Thursday, October 27, 2016

Effective Presentation Skills Workshop

I attended a workshop on Effective Presentation Skills by Bob Dolan. The workshop was held by MIT Global Education & Career Development (GECD). Bob is the Assistant Director for Postdoctoral Scholars. When I arrived, I saw nice photos on the screen from Barcelona (later I realised it has been from the last trip of Bob and taken by himself). These photos were coupled with a jazz music that was played before the start of the workshop. Bob started the workshop by indicating that this technique can release the pressure and stress from a diverse audience who were participating. I had heard from Charles that it is a useful technique and some professor(s) apply it in their classes.

‌Bob was dressed formally, and it was one of the messages in the talk. Although, I confirmed with him that this does not apply in all situations (specially in the field of Computer Science).  Some of the useful techniques that I learned from this workshop are the followings:

  • A study shows 55% of the messages received by a typical audience are not conveyed verbally. People make a lot of judgements from how you dress, how you move when talking, how you use facial expressions, how the slides are arranged, how confident you 'look', where you come from, etc. In fact, people make around 15 judgements in the first few seconds they see a speaker!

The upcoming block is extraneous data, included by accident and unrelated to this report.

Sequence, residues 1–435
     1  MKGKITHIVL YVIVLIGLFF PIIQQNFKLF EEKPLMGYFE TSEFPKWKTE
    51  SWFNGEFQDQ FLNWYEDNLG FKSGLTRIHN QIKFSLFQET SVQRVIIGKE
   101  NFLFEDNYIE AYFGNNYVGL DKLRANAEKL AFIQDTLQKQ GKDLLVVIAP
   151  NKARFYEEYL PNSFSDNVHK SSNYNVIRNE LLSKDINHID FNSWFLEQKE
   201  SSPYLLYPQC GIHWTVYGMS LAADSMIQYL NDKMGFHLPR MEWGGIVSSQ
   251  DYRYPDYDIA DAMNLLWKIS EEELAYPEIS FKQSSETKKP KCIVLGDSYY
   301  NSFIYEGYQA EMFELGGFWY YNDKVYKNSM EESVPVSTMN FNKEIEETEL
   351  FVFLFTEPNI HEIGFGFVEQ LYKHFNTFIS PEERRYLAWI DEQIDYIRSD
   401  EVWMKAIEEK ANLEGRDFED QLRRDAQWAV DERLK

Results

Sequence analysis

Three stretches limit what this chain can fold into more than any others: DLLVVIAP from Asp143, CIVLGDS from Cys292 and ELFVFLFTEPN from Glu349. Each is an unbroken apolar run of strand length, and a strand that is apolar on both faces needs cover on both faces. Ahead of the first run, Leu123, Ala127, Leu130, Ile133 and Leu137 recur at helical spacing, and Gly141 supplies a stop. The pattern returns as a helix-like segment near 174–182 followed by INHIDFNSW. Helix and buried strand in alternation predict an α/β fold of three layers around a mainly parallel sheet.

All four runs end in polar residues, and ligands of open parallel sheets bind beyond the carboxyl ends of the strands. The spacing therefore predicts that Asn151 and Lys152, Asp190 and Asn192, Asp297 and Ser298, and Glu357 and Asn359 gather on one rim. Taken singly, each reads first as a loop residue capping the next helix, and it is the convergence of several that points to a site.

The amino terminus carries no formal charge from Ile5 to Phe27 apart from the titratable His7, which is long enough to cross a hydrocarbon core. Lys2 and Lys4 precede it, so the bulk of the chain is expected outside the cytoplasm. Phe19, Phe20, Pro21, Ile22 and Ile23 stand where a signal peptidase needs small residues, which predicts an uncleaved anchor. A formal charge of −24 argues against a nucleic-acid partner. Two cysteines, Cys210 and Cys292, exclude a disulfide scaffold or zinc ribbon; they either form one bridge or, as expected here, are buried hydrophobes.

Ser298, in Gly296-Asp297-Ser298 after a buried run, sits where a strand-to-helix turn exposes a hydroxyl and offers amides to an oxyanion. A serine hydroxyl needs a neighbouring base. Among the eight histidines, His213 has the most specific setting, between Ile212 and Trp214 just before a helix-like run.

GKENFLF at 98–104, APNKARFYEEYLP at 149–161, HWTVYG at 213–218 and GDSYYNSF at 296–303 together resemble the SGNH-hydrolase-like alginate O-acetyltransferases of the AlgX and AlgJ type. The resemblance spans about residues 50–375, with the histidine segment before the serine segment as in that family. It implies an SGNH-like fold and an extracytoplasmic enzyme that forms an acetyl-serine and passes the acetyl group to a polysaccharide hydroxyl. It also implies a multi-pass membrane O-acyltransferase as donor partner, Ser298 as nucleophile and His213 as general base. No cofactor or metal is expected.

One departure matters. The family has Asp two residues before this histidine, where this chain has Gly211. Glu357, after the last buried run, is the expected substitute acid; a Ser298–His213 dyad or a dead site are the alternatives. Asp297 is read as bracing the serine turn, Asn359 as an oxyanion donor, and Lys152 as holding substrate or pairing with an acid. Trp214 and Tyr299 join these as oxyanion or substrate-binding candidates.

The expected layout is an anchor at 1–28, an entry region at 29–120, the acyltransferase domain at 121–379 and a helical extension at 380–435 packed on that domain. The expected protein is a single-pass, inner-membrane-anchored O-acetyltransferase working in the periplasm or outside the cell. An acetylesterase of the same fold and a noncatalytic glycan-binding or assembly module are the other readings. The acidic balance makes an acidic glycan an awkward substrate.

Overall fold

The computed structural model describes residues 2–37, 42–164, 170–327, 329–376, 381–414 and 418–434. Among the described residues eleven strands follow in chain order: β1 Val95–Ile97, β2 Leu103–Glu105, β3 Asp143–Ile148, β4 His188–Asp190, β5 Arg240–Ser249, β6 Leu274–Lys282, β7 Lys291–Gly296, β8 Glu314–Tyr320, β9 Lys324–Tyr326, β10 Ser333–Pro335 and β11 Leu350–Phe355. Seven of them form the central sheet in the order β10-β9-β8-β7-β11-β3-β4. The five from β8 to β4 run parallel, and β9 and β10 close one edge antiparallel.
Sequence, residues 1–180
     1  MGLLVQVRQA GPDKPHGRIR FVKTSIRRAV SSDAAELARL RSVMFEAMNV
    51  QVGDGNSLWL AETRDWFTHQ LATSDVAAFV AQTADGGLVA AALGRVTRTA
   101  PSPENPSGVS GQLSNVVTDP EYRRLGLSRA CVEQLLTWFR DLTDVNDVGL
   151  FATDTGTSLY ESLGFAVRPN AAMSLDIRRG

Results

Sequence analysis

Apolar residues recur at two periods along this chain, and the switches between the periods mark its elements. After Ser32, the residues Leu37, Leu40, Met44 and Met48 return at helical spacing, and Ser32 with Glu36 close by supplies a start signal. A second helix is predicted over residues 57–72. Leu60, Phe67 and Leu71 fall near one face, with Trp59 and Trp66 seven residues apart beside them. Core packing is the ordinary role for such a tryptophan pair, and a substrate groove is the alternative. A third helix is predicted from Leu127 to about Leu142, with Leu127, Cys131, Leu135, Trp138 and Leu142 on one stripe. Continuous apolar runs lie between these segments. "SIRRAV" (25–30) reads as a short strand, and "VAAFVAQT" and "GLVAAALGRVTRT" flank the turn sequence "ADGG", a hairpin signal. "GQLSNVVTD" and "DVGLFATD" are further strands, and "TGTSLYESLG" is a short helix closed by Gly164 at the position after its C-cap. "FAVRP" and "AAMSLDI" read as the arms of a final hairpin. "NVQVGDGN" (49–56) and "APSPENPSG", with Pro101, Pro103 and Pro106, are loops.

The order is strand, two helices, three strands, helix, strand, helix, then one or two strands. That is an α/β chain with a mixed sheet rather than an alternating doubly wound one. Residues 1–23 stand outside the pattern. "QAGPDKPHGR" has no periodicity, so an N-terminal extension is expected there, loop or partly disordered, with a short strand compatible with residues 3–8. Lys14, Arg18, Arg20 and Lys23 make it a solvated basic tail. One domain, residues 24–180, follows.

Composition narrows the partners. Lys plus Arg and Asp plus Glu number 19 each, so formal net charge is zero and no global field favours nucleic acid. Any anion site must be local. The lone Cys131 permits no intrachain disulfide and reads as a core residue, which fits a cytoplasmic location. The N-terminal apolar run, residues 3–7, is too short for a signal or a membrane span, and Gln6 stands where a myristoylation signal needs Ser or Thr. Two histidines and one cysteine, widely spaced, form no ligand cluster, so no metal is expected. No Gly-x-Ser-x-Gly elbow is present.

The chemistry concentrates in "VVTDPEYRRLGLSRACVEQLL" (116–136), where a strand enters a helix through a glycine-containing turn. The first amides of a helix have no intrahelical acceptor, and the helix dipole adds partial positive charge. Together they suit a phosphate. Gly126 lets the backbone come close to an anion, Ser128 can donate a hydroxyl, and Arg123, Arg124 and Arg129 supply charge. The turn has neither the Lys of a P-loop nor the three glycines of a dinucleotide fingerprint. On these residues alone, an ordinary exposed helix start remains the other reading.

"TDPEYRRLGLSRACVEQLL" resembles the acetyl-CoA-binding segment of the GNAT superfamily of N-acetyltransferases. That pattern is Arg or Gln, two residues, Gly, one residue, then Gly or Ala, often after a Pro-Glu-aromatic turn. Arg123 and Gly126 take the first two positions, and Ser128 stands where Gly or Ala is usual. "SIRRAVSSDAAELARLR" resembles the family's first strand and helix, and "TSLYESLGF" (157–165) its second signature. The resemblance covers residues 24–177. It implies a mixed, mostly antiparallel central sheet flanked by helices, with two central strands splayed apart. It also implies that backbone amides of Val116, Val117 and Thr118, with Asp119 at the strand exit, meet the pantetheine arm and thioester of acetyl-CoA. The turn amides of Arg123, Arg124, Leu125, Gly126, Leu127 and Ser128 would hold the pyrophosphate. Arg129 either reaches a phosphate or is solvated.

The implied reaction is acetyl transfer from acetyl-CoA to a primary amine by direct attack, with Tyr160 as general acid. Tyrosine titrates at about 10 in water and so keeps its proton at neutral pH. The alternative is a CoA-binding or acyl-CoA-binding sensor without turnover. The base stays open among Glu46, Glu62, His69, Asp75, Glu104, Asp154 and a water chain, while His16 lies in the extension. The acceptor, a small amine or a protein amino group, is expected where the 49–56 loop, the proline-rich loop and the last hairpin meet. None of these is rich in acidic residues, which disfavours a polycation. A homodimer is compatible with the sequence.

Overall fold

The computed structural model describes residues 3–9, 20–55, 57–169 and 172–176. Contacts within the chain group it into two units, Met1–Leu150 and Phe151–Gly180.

• Control your body movements. There are a lot of undesired moves which are not even captured by the speaker himself. I have seen this in my first videos that Dana captured: my hands were moving without any harmony and control. I can still see trends of this problem in my body movement. Bob mentioned some people have their heads leaning toward one side for a long time without realising it. Monitoring yourself can greatly help.
  • When you have slides, or when you are working on board, never turn your back to the audience for more than 10 seconds. This is interesting and very important for making a bridge to the audience.
  •  TTT rule: when writing on board or slides, first Touch the board/slides (at most 10 seconds), Turn back to audience and point to the slides (with left hand so that you do not block what you pointed to), and Talk. Do not talk when your back is to the audience.
  •  Make sure to have eye-contact to all people or at least all parts of the class/audience.
I asked about opening a lecture with a joke, and as I had seen in another workshop, Bob recommended to start the talk in a serious manner and, as people start knowing you better, apply your sense of humour. A joke is suitable for closing a talk!
The workshop was fun and useful. Bob is definitely a professional in this field.

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